AUSTIN, Minn. — Beza Zerefa was stunned when her principal told her she'd gotten into college. She hadn't even applied yet.
"I didn't know it was that easy," said Zerefa, a senior at Austin Online Academy who wants to study nursing after graduation.
A new program called Direct Admissions is changing the way Minnesota high school students make their college decisions and the way universities decide whom to admit and reject. Before students start writing essays or asking for letters of recommendation, seniors in participating school districts receive a letter listing the colleges and trade schools where they meet the criteria for admission.
"Direct Admissions is really looking at enticing or convincing the student who doesn't think they can get into college to consider college," said Meredith Fergus, director of research for the Minnesota Office of Higher Education, which runs the program.
The push comes at a critical time for Minnesota colleges, which have been losing students to nearby states. Recruitment is expected to get more competitive as the pool of high school graduates shrinks, due in part to changes in birth rates years ago. And state officials hope that by streamlining the application process and offering new scholarships, they can make the process less daunting and chip away at long-standing racial disparities in higher education.
Part of the goal, Fergus said, is to "reduce self-selection bias where they opt out of going to college completely."
"It's not a question of, 'Will you get in?'" Fergus said. "You will. So what do you want to do when you get there?"
Direct Admissions expands
This is the second year Minnesota is running the Direct Admissions program. Fifty-five colleges — two-year and four-year, public and some private — and 112 high schools now participate. The state is also launching a new partnership with College Possible, a St. Paul-based nonprofit, to send letters to more students.
Some colleges still ask students to submit applications to move further in the process. Others, such as Augsburg University, are largely ditching them.
Applying to Augsburg used to take some students hours. They gathered transcripts and test scores, asked teachers for letters of recommendation and wrote essays pitching their qualifications. Now, the admissions office says the process takes most students closer to 7 minutes to answer some short questions and provide contact information.
"Honestly, the students that were spending the most time on it are the students who were the most phenomenal students" and who were likely to get admitted based on their grades and other achievements anyway, said Stephanie Ruckel, director of enrollment systems and analytics at Augsburg.
Of the 3,225 students Augsburg admitted during the first year of Direct Admissions, 2,945 came in through the program. Students who didn't meet the grade requirements to be automatically admitted had the chance to answer two short questions explaining the challenges they faced and where they found success in high school. Another 280 students were admitted through that process.
Ruckel estimated that the change freed up about 1,300 hours of admissions counselors' time, making it easier for them to answer questions about financial aid, visit high schools or help students with disabilities develop plans for the new semester.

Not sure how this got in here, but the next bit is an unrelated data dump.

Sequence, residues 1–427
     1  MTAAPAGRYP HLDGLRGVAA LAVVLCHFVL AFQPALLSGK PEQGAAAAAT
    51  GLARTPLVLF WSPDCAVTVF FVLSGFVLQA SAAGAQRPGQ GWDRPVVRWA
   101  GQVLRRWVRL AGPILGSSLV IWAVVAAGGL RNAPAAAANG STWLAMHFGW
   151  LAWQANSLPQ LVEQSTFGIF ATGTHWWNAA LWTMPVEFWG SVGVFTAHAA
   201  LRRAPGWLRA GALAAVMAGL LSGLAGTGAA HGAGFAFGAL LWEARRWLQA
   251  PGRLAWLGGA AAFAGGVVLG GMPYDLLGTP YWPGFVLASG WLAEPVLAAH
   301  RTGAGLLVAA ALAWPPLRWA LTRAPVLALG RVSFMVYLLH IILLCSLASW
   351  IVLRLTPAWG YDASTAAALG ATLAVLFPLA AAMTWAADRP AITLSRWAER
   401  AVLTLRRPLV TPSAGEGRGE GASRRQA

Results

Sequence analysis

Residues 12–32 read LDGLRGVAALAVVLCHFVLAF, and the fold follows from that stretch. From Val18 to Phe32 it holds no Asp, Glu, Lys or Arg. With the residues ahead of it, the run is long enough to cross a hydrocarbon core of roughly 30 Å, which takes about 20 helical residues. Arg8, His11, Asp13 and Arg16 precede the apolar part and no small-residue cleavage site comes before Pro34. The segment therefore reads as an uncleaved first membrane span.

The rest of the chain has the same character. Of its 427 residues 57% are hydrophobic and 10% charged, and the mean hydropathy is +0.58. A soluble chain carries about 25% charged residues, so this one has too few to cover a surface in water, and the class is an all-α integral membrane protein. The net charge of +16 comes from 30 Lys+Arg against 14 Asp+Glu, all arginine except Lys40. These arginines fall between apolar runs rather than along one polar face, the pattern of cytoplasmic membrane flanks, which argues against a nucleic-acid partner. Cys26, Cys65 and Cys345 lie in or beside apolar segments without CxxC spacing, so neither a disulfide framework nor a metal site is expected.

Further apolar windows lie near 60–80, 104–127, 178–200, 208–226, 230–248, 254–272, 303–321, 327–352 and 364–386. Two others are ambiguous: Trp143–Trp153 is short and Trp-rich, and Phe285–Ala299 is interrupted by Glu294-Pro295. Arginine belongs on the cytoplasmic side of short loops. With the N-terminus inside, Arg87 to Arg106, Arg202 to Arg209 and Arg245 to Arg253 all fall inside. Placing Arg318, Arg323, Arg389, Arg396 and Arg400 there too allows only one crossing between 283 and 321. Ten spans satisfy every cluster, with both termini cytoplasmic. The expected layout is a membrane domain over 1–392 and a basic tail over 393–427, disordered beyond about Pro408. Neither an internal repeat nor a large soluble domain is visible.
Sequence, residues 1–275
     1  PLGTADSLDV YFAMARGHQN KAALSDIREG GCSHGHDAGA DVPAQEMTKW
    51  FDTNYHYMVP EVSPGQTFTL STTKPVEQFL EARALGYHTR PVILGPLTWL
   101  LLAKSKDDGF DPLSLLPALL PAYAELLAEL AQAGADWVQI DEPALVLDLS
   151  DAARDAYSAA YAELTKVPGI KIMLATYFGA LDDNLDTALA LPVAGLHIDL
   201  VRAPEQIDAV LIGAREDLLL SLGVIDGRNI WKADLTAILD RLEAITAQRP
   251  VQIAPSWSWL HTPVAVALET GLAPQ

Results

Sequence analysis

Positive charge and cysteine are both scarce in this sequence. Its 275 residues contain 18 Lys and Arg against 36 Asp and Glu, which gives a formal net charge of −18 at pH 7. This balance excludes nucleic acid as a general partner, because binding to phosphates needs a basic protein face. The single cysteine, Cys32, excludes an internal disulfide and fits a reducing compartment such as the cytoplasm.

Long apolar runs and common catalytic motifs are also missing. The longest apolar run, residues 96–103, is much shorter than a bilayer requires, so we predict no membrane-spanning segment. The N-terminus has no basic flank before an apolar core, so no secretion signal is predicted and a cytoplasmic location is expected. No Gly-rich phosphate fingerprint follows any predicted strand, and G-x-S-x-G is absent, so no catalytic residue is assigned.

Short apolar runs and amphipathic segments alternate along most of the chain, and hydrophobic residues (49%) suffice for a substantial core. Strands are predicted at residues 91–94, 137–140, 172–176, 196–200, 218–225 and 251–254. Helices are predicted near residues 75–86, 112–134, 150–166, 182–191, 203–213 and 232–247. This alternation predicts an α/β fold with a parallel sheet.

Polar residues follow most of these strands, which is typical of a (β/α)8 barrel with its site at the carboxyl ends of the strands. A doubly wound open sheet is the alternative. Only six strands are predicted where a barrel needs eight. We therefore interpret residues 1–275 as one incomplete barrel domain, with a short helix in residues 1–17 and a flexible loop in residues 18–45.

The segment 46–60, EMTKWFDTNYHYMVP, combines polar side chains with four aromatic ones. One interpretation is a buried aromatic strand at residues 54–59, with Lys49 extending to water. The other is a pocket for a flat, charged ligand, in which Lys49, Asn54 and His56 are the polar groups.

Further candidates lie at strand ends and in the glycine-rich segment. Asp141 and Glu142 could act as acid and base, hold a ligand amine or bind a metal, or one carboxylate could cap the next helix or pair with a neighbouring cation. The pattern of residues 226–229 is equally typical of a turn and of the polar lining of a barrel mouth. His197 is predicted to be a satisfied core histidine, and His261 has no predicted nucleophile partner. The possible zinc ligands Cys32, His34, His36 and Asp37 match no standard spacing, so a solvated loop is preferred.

"It's not a mad dash to the finish line," she said. "It's just a smoother ramp and transition to college."
The Minnesota State system of colleges and universities is experimenting with a similar change this year. It's asking students who received a Direct Admissions letter to reply specifying which schools and programs interest them — and then colleges and universities follow up with more information.
Ali Pickens-Opoku, the system's director for strategic enrollment management, hopes the change will give students more time to think about which careers and programs best suit their needs.
"We don't have to wait for the student to make it through the application process. We've been able to really take one big step of that process off a student's plate," she said. "We wanted them to be excited about and enjoy their senior year."
The big reveal
Austin Online Academy Principal Jessica Cabeen called her students into one of the district's auditoriums for an assembly earlier this month. On the way in the door, each student's guidance counselor handed them an envelope with their name on it.
"Nobody's in trouble," Cabeen told the crowd of students who take classes through the public school district's online program. "This is a surprise."
Inside the envelope was a letter listing schools where the student could be admitted. But counselors told them not to peek inside just yet.
Students saw a video from the governor congratulating them on their accomplishments. School staff talked about what students could do after they read the letters: They could follow up with all the schools, none or some — and know that at each one they'll be granted admission.
Next came the big reveal. Cabeen told the students to open their envelopes. Some students cheered. Smiles crept across others' faces.
"This could really help students that don't know. They could have the courage to know they could get in," said Leslie Sandoval Reyes, a senior who's thinking about attending a four-year college to study psychology.
Araiza Maldonado Basilio, a senior interested in studying education, "was scared I wasn't going to get in anywhere."
When she opened her letter, she saw 29 colleges listed. "It's really exciting," she said.